A read-only field that represents a pointer or handle that has been initialized to zero.
Assembly: mscorlib (in mscorlib.dll)
The value of this field is not equivalent to nullptr. Use this field to efficiently determine whether an instance of IntPtr has been set to a value other than zero.
For example, assume the variable, ip, is an instance of IntPtr. You can determine if it has been set by comparing it to the value returned by a constructor, for example: " if ip != new IntPtr(0)... ". However, invoking a constructor to get an unintialized pointer is inefficient. It is better to code either " if ip != IntPtr.Zero... ", or " if !IntPtr.Zero.Equals(ip)... ".
When calling the Windows API from managed code, you can pass instead of null if an argument is expected to be either a pointer or a null. For example, the following call to the Windows CreateFile function supplies for the pSecurityAttributes and hTemplateFile argument values.
Although is equivalent to null for Windows API functions with parameters or return values that can be either pointers or null, is not equivalent to nullptr. Passing nullptr to the IntPtr.Zero.Equals method always returns false.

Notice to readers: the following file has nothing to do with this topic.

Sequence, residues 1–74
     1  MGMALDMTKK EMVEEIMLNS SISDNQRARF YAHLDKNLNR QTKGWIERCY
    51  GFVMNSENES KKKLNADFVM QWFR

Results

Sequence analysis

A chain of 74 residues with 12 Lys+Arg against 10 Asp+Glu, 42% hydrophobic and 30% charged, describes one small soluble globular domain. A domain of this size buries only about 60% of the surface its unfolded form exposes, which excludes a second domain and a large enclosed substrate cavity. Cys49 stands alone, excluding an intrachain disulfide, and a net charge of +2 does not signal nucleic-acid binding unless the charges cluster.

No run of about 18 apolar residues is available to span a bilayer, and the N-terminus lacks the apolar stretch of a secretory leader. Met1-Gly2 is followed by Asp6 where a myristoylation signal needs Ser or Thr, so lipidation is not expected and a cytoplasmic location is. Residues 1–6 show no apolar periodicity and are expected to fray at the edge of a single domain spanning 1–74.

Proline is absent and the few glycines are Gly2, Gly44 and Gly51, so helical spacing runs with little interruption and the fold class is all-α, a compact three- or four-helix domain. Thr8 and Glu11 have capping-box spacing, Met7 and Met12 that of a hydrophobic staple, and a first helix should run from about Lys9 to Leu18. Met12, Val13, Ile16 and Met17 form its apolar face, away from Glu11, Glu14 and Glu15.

You can also test for a null return value from Windows API function calls that return either a pointer or a null by comparing the returned value with . For example, the call to the GetWindow function in the following example tries to retrieve the handle of a non-existent window. If it were called from unmanaged code, the function would return null, but when it is called from managed code, it returns .
Windows 8.1, Windows Server 2012 R2, Windows 8, Windows Server 2012, Windows 7, Windows Vista SP2, Windows Server 2008 (Server Core Role not supported), Windows Server 2008 R2 (Server Core Role supported with SP1 or later; Itanium not supported)
The .NET Framework does not support all versions of every platform. For a list of the supported versions, see .NET Framework System Requirements.